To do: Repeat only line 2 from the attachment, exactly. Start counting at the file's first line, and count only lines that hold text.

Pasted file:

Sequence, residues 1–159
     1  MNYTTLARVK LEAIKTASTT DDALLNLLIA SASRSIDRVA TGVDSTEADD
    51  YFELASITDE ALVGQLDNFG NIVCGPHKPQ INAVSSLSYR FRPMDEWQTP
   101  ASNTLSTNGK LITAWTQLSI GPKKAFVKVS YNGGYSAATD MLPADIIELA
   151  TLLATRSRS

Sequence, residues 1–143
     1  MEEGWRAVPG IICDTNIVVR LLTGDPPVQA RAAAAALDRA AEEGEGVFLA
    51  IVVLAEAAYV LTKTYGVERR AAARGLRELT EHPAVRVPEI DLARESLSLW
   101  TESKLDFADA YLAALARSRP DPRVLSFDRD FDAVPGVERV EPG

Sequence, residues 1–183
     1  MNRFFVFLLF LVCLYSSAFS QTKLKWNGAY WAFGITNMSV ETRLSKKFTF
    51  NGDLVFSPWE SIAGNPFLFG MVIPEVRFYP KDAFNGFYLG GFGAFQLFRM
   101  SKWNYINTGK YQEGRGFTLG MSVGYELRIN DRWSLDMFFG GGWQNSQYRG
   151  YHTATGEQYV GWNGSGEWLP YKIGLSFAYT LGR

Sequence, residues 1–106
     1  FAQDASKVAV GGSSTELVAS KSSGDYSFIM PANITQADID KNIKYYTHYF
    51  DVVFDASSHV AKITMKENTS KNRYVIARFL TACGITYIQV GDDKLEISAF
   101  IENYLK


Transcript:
     1  MNYTTLARVK LEAIKTASTT DDALLNLLIA SASRSIDRVA TGVDSTEADD